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    Auction Finds

    A bat mounted in a case

    “Did you see the bat?” my auction buddy Janet asked, walking up to me as I was looking over some items on an auction table. I felt like ducking just in case a bat was flying overhead in this cavernous and dimly lit auction house. We were near a wide open door that offered some natural light, but this was a place with high dark ceilings that a bat could easily settle into.

    My imagination tamed, I followed her to the spot where she’d seen the animal. It was mounted inside a glass case, its wings stretched out tautly like a butterfly, its feet tippy-toed on the base and its under body exposed. Look closely and you could almost see its skeleton through the thin dried skin. Its mouth was pried open, revealing a row of fangs or teeth.

    The camera's light exposed the skeleton of the mounted bat.

    Seeing it there, I felt a little sorry for the creature. It looked to be in so much pain.

    I’ve seen my share of mounted animals at auction – from the exotic to the ordinary to stuffed birds from a dentist’s office to Taiwan butterflies – and I’ve written about them. This was my first bat, though, and I would put it in my “strange-items-sold-at-auction” category.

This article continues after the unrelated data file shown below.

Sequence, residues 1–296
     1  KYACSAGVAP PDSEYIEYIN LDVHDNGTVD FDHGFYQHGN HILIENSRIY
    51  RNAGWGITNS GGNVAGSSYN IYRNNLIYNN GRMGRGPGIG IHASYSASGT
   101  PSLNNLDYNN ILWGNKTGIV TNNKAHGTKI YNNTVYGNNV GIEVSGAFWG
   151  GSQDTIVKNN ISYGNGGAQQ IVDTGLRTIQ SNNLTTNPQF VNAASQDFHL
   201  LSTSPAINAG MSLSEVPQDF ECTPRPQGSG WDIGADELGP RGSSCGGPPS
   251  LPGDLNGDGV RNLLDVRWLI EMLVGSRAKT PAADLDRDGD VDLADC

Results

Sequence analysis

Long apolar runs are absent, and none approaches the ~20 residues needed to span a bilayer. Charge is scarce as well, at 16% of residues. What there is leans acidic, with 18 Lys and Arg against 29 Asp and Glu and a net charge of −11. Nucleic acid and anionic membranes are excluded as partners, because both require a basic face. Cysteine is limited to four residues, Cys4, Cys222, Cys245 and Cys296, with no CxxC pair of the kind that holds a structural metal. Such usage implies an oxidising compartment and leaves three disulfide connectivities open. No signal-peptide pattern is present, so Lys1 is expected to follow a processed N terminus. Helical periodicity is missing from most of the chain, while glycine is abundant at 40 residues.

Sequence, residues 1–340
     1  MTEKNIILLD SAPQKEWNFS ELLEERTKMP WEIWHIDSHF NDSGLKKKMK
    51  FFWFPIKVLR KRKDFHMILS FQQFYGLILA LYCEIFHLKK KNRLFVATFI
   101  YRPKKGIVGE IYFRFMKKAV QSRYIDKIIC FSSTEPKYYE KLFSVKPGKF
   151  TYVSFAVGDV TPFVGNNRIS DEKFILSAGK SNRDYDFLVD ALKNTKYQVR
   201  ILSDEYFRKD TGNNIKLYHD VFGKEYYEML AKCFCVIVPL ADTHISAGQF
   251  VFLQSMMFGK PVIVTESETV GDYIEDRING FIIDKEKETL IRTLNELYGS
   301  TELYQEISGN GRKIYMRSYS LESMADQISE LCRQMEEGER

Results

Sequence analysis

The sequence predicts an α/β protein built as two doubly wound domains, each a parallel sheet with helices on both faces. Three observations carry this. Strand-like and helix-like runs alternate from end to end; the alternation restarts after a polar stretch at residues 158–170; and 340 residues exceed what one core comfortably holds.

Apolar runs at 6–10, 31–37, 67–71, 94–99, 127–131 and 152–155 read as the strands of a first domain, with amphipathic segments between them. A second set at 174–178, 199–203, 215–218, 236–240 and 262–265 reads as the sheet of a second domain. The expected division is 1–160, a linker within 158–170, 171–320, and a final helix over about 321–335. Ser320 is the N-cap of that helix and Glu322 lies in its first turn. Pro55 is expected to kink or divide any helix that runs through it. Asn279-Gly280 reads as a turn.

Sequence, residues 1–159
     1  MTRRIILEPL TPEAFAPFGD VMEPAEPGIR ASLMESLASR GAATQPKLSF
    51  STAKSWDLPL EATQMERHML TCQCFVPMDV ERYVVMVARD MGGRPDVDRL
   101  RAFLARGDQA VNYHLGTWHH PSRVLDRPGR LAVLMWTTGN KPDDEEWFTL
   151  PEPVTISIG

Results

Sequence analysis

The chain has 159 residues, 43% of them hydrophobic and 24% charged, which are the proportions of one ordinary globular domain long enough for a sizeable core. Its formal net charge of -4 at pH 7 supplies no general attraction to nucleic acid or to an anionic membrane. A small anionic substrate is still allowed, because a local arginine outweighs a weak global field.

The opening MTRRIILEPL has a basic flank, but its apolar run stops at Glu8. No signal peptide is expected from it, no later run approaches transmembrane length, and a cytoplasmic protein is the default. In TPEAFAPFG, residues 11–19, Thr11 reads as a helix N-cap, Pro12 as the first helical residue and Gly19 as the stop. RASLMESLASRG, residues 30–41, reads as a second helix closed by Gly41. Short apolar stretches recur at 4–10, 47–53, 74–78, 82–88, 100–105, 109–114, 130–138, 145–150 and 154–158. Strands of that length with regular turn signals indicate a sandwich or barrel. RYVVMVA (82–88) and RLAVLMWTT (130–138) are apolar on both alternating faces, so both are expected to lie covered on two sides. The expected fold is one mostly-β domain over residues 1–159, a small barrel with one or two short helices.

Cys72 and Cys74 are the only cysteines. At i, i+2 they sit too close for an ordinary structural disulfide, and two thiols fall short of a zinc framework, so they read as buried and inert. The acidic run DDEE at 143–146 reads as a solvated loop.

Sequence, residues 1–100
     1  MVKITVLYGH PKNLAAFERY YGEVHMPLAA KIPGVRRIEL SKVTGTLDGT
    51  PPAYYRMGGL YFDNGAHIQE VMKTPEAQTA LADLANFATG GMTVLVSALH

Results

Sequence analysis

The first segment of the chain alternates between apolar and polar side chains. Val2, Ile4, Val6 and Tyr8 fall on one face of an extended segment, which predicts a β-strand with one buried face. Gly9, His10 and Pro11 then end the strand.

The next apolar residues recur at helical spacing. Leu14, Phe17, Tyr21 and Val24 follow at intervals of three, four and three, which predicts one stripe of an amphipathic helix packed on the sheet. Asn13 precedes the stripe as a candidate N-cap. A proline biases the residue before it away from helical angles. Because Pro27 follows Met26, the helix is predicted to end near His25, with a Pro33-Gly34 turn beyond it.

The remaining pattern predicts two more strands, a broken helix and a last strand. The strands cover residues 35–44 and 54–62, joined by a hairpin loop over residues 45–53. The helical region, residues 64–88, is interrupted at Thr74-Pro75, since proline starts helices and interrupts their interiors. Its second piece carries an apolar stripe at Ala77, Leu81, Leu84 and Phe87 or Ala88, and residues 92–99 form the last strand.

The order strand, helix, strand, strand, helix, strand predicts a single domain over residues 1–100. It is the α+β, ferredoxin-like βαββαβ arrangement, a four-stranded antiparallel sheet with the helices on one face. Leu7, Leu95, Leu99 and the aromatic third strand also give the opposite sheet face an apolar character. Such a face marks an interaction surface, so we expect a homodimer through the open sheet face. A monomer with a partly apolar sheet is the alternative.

I’ve never had the displeasure of experiencing a bat in real life. All of the ones I’ve seen have been on TV or in the movies – hence my imagination going wild when Janet first mentioned bats. In those instances, they were creatures of terror. This one, though, had lost any terrifying moments it had ever been able to induce.

    Despite that image, bats generally are good creatures that are instrumental in helping to preserve nature. The majority live on insects, especially pests, and they pollinate flowers and disperse fruit seeds. Still others eat small animals such as birds, lizards, frogs and fish. But the ones that strike terror are the blood-sucking vampire bats native to South America. They normally feed on farm animals but will feast on humans when that supply is inaccessible.

    A mounted bat ready for auction.

    Who mounts a bat and why? Bats are not the type of animals I would normally associate with taxidermy, but I suppose people stuff what moves them. I decided to Google to find out if such a thing was popular.

    I found several sites selling mounted bats, including two that were offering them as science specimens for students. “Makes a unique home or classroom display,” noted one of those sites. I even found a bat skeleton for sale ($57.95) and a bat head mounted on a circular wood frame that sold. Another site was selling the specimens for $20 to $245 on eBay, and the prices on several sites were in the $100 range.

    Back in 2004, an Austin, TX, organization urged people to protest the sale of mounted bats on eBay. It contended that most were from Southeast Asia and not properly identified, adding that most bats in the world were threatened and endangered.

    I wasn’t around when the bat was sold at auction, but I’m certain that it was picked up by someone. Practically everything sells at auction – even a poor bat in a glass case.

     

     

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